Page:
Wednesday, November 30, 2011

Salt Lake City, on the grid

I love to travel not only for relaxation but also to casually observe how various societies have made a go at civilization in the modern city. I’ve also lately been reading more into the way city design plays into economic growth, so in future posts I’ll look at a few examples of what cities to promote and impede higher living standards. In the first of a series of Salt Lake City-specific posts, I wanted to say a few words about the layout of the city, the grid system of addresses, and other sundries.

First off, of course, Salt Lake City was founded in 1847 as Brigham Young and his persevering crew arrived here from points east. One of the first things they did was establish the temple block, which to this day is the heart of the city and probably the main attraction in terms of SLC-specific cultural and spiritual sites. Like other western cities of the time, such as Dodge City (1872) and Oklahoma City (1890), Salt Lake is on the grid system (apparently, originally designed by Joseph Smith; see figure). SLC is perhaps most known for it because of the Mormon-style exactitude with which is was carried out. This means that downtown and other parts of the valley are neatly blocked out, and the streets’ names are usually their address (100So, 3300So, 700E, etc.). At 600So (often just called 6th South) and need 1000So? Just head south, wary traveler. All of Salt Lake County is on the same grid. The temple site, being the heart, is the zero-point in terms of addresses go in SLC. The corner of Main Street and South Temple specifically is where you’re at 0 East, West, North, and South, whereas in other cities it would be at the capitol building or courthouse.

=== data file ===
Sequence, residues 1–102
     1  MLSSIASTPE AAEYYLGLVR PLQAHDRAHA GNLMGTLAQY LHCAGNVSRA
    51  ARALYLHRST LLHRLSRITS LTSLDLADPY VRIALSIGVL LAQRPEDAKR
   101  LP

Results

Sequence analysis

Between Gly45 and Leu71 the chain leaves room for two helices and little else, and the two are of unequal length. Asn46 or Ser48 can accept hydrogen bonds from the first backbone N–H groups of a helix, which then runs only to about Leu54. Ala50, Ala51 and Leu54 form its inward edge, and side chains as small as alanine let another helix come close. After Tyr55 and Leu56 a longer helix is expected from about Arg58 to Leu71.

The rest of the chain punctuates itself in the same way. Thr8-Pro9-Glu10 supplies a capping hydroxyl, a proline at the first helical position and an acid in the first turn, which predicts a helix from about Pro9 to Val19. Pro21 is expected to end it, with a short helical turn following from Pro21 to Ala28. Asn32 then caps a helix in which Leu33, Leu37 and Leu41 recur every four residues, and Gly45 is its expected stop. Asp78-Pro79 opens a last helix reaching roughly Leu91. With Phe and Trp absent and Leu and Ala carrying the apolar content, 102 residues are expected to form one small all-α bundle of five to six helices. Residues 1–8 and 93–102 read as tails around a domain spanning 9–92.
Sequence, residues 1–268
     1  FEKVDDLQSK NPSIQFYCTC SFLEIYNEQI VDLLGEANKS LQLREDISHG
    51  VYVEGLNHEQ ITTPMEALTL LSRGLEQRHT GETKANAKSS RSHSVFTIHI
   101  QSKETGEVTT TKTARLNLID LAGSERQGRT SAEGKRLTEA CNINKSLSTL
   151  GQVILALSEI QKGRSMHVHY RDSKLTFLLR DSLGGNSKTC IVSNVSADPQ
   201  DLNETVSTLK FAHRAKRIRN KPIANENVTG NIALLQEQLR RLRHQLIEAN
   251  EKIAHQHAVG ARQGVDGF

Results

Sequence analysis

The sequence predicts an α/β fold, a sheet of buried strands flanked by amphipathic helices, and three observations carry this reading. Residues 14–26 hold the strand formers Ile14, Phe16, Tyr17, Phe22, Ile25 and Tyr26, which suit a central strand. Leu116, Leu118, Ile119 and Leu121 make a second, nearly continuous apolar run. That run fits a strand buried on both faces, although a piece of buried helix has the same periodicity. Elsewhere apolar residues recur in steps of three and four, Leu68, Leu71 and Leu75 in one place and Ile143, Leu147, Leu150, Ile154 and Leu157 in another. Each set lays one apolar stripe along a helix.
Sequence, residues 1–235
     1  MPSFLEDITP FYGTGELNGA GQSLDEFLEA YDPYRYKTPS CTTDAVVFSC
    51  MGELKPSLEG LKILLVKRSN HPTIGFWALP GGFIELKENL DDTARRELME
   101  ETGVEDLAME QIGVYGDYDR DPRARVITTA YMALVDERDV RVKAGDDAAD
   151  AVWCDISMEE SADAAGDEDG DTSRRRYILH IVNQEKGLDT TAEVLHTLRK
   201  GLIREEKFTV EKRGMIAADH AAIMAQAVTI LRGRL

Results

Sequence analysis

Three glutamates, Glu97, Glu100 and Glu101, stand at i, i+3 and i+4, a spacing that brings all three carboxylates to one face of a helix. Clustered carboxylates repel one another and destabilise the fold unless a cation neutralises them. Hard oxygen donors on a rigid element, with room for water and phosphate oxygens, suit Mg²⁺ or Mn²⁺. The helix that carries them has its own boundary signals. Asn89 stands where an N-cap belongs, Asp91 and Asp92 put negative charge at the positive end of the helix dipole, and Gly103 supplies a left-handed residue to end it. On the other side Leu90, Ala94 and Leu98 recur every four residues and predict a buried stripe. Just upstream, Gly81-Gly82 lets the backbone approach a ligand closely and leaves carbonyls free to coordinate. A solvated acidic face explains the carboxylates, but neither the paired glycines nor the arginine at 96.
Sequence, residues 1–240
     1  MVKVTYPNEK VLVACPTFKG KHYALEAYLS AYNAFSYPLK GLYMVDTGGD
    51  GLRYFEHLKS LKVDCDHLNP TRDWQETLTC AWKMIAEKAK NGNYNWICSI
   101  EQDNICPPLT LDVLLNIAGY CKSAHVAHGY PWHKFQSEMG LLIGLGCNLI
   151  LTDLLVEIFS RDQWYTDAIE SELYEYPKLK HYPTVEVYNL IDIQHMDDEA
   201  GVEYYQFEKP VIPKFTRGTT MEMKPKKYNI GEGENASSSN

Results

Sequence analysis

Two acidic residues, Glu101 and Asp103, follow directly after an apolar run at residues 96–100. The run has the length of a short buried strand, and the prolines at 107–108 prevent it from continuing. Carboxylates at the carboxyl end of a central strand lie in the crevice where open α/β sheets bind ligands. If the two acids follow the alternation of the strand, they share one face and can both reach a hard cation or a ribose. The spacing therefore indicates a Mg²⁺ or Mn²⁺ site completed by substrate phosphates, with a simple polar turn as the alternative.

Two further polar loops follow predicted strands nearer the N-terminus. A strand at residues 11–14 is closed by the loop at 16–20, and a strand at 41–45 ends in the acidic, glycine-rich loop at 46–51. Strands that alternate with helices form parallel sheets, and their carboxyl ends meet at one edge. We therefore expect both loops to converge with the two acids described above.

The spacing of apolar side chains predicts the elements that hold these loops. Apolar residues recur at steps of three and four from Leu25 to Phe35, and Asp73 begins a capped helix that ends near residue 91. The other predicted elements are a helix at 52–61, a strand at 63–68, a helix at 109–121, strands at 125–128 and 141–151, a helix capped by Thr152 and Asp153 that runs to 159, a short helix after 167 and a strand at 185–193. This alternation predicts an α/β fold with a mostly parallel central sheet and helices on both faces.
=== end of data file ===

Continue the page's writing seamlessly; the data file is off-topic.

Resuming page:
The blocks in Salt Lake are large, being roughly 8 to a mile (making each block a square furlong). Brigham Young was apparently one who loved to drive unfettered, as the city streets were made wide enough so a wagon team could turn around without resorting to profanity. It would have been nice if Young would have acted as a prophet when doing urban design (as he did in other matters), as the wide streets tend to make the city less walkable, less aesthetically appealing (thought it’s still gorgeous), hinder economic growth (cause the city’s less dense), and promote driving.

In terms of finding places in SLC, whichever number in the address is round (a la 700E, 4500So) will be the street and the precise number will be the house/business number (a la 5107So or 2146E). A further pleasant oddity is the fact that odd numbered addresses on streets going North/South are on the east side of the street (and evens are on the west); for addresses on streets going East/West, the odd numbers are on the north side with evens across to the south. Go explore and feel the exactitude.

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